I love keeping track of the number of what we spend so I can give you an exact comparison over the last few months how our spending has changed.

I like to break food expenses down into 3 buckets: Groceries, Eating Out & Travel. This way we can really see where the money is going.

Alex and I started living together in January and we started our Zero Waste journey in March. We were spending a lot of time together before that so I even have figures from November.

Screen Shot 2018-06-02 at 13.42.44

Our total food expenses increase only 8,27% from going zero waste. And after a few months this number will be even lower because May’s expenses are inflated.

Here’s we notices from our budget:

  1. We spent 20% more on grocery, but this is offset by a decrease in eating out.
  2. Going zero waste reduced our expenses during our 5 days in the US in April.
  3. If we make a more effort to look at prices we can get our expenses further down.

And on a micro level we set a lot of benefits of zero waste. Meat is cheaper when we go to our local shops instead of the supermarket and we get higher quality products. And in other products that we buy in bulk, we are happy to pay the difference.

Resolving some doubts

I don’t have enough time

Like any like change or good habit, the excuse of not having enough time just doesn’t cut it. It you want the time for something you make the time for it. There are many people far busy and far more important than you, who are still making their efforts to better the planet.

If you wanted to lose weight, say your wedding was coming up, you’d make time for it. If you wanted to have kids and give them all the possibly opportunities to be involved in sports and other activities, you make the time for it.

This habit change is no different. Once you get started, and build up your momentum, you’ll see that making simple changes to produce less waste don’t require more of your time. You have to prioritize.

It costs more to go plastic free

This is short term thinking at best. You now have to rationalize a bit more with what you are going to buy and put more effort into visiting multiple stores, but often zero waste is less costly.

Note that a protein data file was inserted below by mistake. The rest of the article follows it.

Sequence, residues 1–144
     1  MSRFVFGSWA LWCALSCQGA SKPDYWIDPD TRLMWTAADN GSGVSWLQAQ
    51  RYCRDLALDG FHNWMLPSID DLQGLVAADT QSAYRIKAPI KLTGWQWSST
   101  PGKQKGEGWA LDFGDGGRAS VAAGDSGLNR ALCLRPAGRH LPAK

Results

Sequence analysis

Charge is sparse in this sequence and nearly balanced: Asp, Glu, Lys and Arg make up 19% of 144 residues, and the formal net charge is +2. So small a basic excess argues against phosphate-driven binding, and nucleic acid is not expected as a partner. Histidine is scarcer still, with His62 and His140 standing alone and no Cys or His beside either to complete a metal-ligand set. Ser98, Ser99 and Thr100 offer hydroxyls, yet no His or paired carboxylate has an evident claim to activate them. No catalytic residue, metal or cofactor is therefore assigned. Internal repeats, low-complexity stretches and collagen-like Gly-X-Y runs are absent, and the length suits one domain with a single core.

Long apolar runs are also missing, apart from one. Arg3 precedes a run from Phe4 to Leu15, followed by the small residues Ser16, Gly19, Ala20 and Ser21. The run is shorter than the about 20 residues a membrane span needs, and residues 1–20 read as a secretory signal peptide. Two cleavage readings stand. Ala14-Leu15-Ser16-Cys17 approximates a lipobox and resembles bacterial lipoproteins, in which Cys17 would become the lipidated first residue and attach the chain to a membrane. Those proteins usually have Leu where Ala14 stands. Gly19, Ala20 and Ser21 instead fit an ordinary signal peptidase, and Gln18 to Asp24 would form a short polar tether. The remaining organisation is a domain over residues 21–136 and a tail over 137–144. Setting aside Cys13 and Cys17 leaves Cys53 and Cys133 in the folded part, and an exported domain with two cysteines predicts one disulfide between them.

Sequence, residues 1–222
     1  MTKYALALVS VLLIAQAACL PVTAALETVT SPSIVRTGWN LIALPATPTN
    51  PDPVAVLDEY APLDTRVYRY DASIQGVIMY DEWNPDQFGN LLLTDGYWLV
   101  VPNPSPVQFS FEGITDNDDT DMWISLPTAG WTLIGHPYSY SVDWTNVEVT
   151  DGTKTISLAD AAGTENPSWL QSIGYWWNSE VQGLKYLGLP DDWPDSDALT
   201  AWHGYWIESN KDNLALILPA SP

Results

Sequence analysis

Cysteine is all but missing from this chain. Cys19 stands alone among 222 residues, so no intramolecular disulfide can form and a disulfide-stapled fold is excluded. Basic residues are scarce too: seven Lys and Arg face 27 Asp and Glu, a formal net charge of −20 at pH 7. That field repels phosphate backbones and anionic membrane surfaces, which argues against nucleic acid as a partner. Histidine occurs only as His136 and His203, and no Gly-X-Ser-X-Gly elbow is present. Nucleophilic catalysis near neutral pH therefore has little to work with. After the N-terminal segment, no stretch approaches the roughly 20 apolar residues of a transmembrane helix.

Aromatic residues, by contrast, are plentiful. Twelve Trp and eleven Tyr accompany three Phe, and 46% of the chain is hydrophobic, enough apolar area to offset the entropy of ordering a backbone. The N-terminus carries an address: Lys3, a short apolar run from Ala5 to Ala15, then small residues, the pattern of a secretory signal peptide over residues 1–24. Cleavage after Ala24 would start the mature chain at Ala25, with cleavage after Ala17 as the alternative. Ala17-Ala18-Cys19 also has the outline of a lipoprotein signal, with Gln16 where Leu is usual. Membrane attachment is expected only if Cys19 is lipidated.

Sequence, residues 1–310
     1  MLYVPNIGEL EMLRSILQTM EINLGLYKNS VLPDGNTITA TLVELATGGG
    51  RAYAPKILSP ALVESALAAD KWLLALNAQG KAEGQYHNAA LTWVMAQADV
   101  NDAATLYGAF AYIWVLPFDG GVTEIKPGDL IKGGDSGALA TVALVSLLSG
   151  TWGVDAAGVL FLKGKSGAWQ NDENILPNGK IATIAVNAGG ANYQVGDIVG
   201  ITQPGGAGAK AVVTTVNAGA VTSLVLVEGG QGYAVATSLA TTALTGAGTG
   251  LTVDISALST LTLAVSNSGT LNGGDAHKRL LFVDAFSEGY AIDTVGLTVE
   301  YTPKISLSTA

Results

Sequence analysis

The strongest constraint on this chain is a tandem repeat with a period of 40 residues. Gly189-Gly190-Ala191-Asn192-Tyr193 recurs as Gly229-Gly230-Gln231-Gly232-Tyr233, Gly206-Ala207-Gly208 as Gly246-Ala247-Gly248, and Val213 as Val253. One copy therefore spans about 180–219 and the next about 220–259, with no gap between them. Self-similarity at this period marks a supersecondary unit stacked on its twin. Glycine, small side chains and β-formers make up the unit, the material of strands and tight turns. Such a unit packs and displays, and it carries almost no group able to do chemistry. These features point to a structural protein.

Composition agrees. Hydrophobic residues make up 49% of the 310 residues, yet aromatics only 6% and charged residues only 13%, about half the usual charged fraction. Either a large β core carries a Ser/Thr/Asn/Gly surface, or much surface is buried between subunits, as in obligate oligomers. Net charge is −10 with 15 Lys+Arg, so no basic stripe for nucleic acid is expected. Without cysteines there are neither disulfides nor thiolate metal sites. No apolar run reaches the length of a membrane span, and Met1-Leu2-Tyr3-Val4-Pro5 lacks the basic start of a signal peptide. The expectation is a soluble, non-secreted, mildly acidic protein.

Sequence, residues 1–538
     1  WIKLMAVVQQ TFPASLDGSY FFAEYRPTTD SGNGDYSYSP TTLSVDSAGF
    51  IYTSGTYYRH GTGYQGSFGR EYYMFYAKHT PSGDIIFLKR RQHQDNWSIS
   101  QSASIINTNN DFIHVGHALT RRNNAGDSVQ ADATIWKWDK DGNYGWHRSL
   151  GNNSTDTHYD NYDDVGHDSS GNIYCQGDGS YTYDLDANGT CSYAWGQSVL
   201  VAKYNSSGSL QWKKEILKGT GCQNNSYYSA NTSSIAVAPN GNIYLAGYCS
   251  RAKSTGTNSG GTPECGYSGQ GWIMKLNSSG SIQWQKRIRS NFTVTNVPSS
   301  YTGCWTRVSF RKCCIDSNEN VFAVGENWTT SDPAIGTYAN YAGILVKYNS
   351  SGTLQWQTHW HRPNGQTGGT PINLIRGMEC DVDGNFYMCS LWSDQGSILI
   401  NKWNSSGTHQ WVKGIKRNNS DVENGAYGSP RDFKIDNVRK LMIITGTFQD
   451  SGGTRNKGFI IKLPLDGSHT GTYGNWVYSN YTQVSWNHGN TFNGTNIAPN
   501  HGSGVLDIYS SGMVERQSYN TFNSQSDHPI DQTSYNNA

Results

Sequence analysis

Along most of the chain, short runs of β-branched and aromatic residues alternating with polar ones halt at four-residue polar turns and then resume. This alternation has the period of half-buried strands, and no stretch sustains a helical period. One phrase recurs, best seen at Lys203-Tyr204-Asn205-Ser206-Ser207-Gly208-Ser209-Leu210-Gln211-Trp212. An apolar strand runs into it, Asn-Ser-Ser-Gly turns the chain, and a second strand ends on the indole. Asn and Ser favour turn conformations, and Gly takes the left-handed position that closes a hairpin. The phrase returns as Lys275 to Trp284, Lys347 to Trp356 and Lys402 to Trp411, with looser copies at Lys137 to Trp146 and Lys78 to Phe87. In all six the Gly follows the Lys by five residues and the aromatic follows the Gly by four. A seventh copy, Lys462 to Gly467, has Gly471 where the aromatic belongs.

You’ll be visiting specialty stores and farmers markets where you often find great deals. You’ll be bringing your lunch and eating more at home. You’ll be more conscious of spending on clothes and other things you don’t need.

Like spending your time, you also have to be willing to make the change to find the best options for you that can stay within your budget and meet your and your family’s needs.

How has your plastic free journey changed your shopping? Let me know in the comments.

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Weekly Zero Waste Swaps (June 4th)

Going zero waste is a daily job that once you’re in the thick of it, you never stop thinking about it. It’s not preoccupation, but rather thoughts of how you can continue to improve and continue to achieve.

Having reusable products at home that are durable, made sustainably, and elegant make you want to keep them for even longer. Increasing their lifespan and decreasing your expenses, too. So, I always like to share great things that I find.

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Zero Wasting and Wine Tasting

May was a busy month for me because I was taking an Intensive Sommelier course. We learned the basics of viticulture and enology while tasting more wine that I could ever image.

Follow me on Vivino to see my wine recommendations.

Wine is something that I am extremely passionate about and going to incorporate into my future career. So I’d like to share with you a bit about how to fit wine into your zero waste lifestyle.

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A starter’s guide to composting

Composting is an integral part of a zero waste lifestyle and it is something that you shouldn’t be afraid of. Fortunately for us living in Barcelona there is a collection of “organic trash” that is composted by the government. It’s already built into the recycling model.

But if you live in other countries it’s highly likely that you will have to take some proactive steps to do the composting yourself.